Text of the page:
Writer: Tim Stillman
Date:Friday February 1 2013
Ticket prices have been a topic of some contention amongst football supporters for some time. In January they were catapulted into the wider conscience when it emerged that around 1,000 Manchester City fans had boycotted a trip to Arsenal in protest against the £62 Category A price they were being charged. Liverpool followed this up on Wednesday night at Arsenal and plan to do the same when they travel to Manchester City on Sunday.
The Football Supporters' Federation have sensed a tipping point and are looking to capitalise on the mood of supporters and the publicity they are creating. The 'Twenty's Plenty' campaign is pushing Premier League clubs to drop prices for away fans to £20. In light of next year's overseas television deal, clubs stand to make around £32 million each extra in revenue. Players will doubtless ask for bigger wages as a result, clubs are already charging supporters big prices. The FSF think it's about time the supporters were represented as part of the equation.
I attended the FSF's 'Twenty's Plenty' meeting in London on Thursday night and thought I'd dispassionately bullet point some of the more thought provoking points raised. I ask that you don't shoot the messenger here, I'm simply passing on information and some of the opinions raised from the floor. Fans of Arsenal, Chelsea, Reading, Manchester City, York City, Motherwell, Yeovil Town, QPR, Sunderland, Leyton Orient, Spurs and Nottingham Forest were among those that spoke.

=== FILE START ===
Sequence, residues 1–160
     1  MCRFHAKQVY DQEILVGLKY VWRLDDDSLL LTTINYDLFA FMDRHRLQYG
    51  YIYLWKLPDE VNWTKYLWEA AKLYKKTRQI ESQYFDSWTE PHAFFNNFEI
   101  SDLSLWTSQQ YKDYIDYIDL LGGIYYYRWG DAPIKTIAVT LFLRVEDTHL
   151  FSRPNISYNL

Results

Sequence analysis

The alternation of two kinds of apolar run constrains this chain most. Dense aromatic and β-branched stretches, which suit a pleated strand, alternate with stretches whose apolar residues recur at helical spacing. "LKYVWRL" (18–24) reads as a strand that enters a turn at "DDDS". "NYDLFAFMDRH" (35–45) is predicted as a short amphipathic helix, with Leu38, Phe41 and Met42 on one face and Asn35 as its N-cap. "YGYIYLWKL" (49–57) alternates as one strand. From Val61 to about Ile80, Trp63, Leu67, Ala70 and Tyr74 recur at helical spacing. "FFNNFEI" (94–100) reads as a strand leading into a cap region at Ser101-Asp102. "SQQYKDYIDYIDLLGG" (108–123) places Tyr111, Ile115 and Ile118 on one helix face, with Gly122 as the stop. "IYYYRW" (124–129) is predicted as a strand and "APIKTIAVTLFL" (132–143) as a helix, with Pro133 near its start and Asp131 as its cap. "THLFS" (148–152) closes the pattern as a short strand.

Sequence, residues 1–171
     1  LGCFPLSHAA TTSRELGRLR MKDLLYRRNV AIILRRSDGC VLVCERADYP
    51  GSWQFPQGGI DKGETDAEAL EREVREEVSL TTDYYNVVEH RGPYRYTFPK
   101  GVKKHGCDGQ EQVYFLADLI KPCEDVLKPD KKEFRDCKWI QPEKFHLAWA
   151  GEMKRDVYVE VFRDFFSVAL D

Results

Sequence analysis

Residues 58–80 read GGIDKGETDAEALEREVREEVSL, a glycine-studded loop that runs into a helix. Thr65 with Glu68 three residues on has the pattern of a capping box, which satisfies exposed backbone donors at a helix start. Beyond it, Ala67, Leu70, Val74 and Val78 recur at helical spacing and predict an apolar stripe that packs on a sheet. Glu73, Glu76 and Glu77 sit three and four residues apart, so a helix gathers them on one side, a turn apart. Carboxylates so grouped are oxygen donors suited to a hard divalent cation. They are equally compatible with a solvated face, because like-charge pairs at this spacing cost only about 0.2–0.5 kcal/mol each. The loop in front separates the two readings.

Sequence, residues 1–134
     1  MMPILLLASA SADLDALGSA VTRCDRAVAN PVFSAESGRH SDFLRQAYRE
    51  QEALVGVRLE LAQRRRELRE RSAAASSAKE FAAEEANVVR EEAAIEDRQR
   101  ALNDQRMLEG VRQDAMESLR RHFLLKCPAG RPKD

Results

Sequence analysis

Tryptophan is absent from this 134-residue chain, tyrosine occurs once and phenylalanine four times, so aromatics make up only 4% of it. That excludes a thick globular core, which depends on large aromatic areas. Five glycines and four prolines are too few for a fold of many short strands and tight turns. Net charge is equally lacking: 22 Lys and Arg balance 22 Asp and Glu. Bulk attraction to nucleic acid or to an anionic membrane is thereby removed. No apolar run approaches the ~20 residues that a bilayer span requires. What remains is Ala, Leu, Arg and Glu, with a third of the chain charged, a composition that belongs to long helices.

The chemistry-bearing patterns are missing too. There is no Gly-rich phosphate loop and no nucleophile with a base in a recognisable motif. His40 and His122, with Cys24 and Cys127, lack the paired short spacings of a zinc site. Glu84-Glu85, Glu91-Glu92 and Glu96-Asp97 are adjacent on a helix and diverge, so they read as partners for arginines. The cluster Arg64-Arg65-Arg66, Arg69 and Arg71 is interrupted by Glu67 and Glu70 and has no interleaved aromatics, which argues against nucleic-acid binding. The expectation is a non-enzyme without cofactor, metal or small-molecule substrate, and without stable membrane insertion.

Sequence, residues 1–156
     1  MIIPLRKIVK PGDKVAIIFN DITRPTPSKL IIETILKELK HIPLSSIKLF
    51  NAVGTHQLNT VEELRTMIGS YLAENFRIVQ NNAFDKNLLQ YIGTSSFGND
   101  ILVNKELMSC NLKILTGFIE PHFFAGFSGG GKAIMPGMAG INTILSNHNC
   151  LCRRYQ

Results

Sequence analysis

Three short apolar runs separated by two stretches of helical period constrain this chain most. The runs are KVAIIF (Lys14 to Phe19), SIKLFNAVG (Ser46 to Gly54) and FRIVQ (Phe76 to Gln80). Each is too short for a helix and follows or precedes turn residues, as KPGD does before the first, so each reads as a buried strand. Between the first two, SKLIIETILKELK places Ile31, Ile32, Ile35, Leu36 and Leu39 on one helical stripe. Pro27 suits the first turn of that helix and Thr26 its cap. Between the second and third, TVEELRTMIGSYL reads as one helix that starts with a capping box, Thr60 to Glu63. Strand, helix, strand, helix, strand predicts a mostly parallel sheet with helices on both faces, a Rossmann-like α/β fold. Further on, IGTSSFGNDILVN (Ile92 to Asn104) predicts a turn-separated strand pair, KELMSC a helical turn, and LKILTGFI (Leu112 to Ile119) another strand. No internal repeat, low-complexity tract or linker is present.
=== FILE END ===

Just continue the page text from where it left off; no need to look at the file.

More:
There was a talk from an erudite German gentleman named Mark who had helped to arrange various boycotts staged by Borussia Dortmund supporters in the Bundesliga. Mark headed a campaign in protest when Schalke raised the prices of standing tickets to 21 Euros for Dortmund fans. Dortmund fans organised a staged boycott that not only saw them refuse to buy tickets, but that Dortmund fans travelled to the Veltins Arena and stood outside of its walls, wilfully listening to the game on the radio together. Dortmund fans currently pay an average of 183 Euros for season tickets, which includes all Bundesliga games, three Champions League home games and their travel to and from the ground on a matchday. In Germany, your match ticket doubles up as a travelcard on matchdays anywhere inside the state that the game you have a ticket for is being played.
Below are some of the points raised at the meeting, which I present without personal comment or necessarily endorsement.
- FSF have decided to start with an away ticket pricing campaign because they have to be realistic with their aims. Given the resources and manpower they possess, they have to pick battles that they stand a chance of winning. Away ticket prices have been in the media ad infinitum recently. The FSF also say that the Premier League have suggested, in their dialogue with the FSF, a concern over the drop in away ticket sales over the last 18 months.
Many clubs are moving away supporters to different areas of the stadium now so that they are out of the sight of cameras. Richard Scudamore was fairly public last week in saying away ticketing was something that needed addressing. FSF wants to start with away tickets because the appetite and public attention is there and, in their opinion, the Premier League is ready to listen.
A successful campaign on away tickets could then beget a campaign on home ticket prices, using that momentum.